Local theaters depend on the support of the community, not only through financial donations but also to run the organization. Of course, there's always a spot for talented actors, but there's plenty of non-performance opportunities to get involved with as well, whether it's selling tickets at the box office, building sets, sewing costumes, doing publicity or working stage crew. All it takes is a commitment to putting on a great show.
See Shows and Read Reviews
You might have just one choice for a community theater to support in a small town or rural area but in larger cities, there's likely myriad theatrical opportunities. It's difficult to become involved in each of them, so learn more about each organization to determine which you'd like to support. Attend every show the theater produces; if you can't make it to a show, read the reviews in a newspaper or online. Certain theaters are dedicated to children, others focus on musicals and some produce original or experimental productions. When you see a show that intrigues you, stay after and talk to the actors, volunteers and staff, as they can tell you more about their experiences with the theater and where the organization's needs are the greatest.
Volunteer Behind the Scenes
Community theaters need more than actors and actresses to produce performances. Even if your goal is to star on stage, volunteering in other roles may help get your foot in the door. Volunteering for a show or two on the stage crew or selling tickets shows the powers-that-be you're dedicated to the arts and reliable enough to show up regularly and on time -- a major plus when being cast in a show. If you don't have the money to buy tickets to a performance, ushering often allows you to catch a viewing for free.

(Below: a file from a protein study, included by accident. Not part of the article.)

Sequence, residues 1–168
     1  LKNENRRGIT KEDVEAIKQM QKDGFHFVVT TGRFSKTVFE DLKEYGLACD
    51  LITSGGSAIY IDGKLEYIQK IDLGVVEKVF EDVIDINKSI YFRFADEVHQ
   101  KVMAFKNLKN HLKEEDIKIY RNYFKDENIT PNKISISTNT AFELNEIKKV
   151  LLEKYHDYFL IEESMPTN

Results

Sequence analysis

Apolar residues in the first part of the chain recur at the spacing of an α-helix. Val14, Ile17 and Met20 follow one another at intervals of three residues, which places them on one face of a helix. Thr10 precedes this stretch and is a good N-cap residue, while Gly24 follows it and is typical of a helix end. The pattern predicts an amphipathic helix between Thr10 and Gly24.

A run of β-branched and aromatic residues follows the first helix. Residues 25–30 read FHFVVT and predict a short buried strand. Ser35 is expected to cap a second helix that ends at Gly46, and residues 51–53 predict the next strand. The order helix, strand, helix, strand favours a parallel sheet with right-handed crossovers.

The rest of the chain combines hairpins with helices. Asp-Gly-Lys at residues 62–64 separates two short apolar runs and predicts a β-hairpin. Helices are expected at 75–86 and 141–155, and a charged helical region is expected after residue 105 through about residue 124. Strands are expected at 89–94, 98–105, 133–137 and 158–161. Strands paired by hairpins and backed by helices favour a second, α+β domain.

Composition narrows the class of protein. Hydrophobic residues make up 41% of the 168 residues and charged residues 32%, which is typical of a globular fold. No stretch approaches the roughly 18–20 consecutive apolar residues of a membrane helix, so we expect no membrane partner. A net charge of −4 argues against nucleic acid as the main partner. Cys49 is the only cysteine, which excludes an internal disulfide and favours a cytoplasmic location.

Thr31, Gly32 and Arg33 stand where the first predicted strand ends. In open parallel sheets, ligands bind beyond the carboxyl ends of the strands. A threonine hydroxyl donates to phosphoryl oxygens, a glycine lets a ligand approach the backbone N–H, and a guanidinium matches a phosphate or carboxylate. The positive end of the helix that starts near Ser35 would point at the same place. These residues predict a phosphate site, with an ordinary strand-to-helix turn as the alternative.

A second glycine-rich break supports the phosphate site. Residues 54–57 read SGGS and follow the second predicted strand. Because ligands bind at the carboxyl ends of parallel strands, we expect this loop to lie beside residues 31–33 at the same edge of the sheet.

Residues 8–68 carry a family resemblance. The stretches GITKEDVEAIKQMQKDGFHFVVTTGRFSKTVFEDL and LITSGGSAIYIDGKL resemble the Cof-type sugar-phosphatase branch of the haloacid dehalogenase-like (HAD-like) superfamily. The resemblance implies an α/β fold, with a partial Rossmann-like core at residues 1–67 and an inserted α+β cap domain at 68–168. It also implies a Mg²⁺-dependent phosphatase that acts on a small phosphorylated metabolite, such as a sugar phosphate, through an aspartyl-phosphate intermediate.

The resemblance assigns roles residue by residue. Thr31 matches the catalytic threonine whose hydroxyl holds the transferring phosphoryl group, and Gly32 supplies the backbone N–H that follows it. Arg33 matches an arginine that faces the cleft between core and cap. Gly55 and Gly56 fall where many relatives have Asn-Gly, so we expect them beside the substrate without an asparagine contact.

If your last experience onstage was in a high-school production and worrying about your acting chops is holding you back from getting involved, look into classes or workshops offered at local community theaters. Some theaters offer production-specific classes before auditions, such as tap-dance classes before a choreography-heavy musical or a monologue workshop before auditions for a drama. Look into private acting, dance and voice classes to hone your skills and boost your confidence.
Audition to Act
It's time for your moment to shine, but for the best chance of being cast, prepare for your audition. Find audition notices on community theater websites, on social media, in the newspaper and on electronic mailing lists. Musical auditions typically require 16 to 32 bars of both a ballad and an uptempo song, while play auditions call for a one-minute monologue and cold readings with other actors. You also might be asked to learn a short dance routine for a musical. Before you audition for a production, double-check the rehearsal and performance schedule to ensure it doesn't conflict with your work, school or vacation schedules. Once cast, the other actors and artistic staff rely on you to show up for all scheduled rehearsals and shows.
Apply as Artistic Staff
In community theater, actors typically are unpaid. Artistic staff -- directors, music directors and choreographers -- sometimes are paid a stipend for their efforts. If you have experience and formal education in directing, music or dance, get involved in the local theater by serving as a member of artistic staff for a production. These positions require helping to cast the show, attending rehearsals and at least one or more of the performances.
Kelsey Casselbury has a Bachelor of Arts in journalism from Penn State-University Park. She has a long career in print and web media, including serving as a managing editor for a monthly nutrition magazine and food editor for a Maryland lifestyle publication. She also owns an Etsy shop selling custom invitations and prints.